Sunday, August 06, 2006

Mortician from Tyre

I've been following the ongoing debate at EU Referendum over the veracity of the photos of the deaths in Qana. If you haven't been following it, the suggestion is that many of the Qana photos were staged. Central to several of the pictures is "Green Helmet Man" who was photographed with several dead children looking as if he was posing for the cameras.

While I've not been completely convinced, it does look a bit fishy to me - certainly some of the continuity looks odd.

Anyway, here's a couple of links which may add to the debate:

Journalist Chris Albritton says he was not under control of Hizb-allah minders. He goes on to say:
As far as Qana, I wasn’t there. I don’t know what the scene was like, other than what my colleagues — who I trust — told me and what I saw on television. As for the death toll going down from 54 to 28, well, that happens. It was apparently a confusing time and the mortician at the al-Bass Government Hospital [on the outskirts of Tyre]gave out some numbers that included people also killed that day but in other places.
You don't come across morticians on blogs often, but this was the second mention today. The other was on this site.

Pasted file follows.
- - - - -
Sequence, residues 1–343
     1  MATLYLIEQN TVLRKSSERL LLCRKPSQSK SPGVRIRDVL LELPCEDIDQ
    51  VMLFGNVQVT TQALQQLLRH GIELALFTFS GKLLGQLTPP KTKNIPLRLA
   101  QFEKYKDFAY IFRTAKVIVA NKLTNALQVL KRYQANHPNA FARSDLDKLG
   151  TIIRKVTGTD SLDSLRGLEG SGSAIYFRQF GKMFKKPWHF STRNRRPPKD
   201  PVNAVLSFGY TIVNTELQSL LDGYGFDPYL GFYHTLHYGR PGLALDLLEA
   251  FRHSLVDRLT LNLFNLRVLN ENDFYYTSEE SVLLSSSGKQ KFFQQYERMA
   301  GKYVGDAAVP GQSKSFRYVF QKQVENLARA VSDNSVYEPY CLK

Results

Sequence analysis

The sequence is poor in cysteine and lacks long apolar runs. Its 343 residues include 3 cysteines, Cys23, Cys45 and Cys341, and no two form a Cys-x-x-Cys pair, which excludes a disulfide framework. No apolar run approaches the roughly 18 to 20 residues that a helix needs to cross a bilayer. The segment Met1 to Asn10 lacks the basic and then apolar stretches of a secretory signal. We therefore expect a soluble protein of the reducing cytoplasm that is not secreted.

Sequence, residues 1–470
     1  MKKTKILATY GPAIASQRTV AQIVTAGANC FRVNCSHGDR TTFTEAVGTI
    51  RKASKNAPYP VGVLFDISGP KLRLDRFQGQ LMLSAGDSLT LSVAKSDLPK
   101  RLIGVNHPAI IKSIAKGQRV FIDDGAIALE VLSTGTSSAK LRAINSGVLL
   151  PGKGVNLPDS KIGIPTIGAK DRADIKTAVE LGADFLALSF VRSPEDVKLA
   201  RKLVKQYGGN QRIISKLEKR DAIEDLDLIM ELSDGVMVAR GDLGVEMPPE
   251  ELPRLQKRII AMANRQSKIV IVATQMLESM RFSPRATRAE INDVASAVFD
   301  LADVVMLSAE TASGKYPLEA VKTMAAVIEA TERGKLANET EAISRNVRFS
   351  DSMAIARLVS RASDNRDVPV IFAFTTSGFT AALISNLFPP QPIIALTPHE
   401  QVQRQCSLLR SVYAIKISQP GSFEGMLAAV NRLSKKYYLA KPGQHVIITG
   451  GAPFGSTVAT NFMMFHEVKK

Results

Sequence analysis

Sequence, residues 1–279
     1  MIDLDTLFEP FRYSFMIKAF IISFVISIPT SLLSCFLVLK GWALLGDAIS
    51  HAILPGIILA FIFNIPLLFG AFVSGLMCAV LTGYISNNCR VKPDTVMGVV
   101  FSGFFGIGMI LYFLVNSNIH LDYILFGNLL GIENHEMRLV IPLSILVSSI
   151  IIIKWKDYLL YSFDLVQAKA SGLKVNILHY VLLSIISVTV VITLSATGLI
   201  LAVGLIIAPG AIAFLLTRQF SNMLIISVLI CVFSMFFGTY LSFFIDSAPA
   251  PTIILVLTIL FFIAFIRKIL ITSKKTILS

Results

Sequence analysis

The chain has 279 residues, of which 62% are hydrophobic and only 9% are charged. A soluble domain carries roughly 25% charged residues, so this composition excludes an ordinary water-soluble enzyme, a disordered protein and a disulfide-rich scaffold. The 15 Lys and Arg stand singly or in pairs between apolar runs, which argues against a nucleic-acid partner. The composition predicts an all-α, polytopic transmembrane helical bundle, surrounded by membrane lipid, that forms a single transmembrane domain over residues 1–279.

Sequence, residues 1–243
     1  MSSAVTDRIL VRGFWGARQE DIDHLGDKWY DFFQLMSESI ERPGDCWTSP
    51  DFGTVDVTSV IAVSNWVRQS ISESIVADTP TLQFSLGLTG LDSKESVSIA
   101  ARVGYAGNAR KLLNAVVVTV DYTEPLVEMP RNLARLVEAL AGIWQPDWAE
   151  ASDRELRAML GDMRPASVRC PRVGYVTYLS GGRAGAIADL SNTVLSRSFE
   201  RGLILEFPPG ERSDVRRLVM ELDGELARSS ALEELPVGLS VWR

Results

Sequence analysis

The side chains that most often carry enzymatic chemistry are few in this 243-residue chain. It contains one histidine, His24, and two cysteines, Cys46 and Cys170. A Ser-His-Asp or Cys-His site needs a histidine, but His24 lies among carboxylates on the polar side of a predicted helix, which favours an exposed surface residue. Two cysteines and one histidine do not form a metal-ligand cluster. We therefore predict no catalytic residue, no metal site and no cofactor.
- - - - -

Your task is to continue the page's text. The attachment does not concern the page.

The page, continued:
Mark MacKinnon of The Globe and Mail reported from nearby Tyre, Lebanon on July 26, describing the many difficulties caused by the rising death toll in that city. "Abu Shadi, the mortician at the government hospital in the city, agrees. He's processed 100 bodies -- many of them grotesquely mangled and burned -- and on his pickup runs has been forced to leave behind many more that he can't recover from cars and destroyed buildings.


Based on these descriptions, it seems highly likely that Abu Shadi the mortician and Abu Shadi the green-helmeted "civil defense worker" are one and the same. And, in the double role, Abu Shadi was among the first to arrive, before the media did, with his refrigerated truck that in recent days had been carrying around corpses.
If this identification is correct, then the man who was photographed parading dead children in Qana also misrepresented the casualty figures to the press.